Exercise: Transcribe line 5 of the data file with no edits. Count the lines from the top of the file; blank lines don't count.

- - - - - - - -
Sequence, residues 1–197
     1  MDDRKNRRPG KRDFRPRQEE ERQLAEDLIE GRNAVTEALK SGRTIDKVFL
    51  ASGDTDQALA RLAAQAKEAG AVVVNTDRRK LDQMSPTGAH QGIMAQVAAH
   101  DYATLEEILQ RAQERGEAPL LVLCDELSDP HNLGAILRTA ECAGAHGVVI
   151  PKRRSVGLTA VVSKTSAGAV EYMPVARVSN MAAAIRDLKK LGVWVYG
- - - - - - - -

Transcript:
   151  PKRRSVGLTA VVSKTSAGAV EYMPVARVSN MAAAIRDLKK LGVWVYG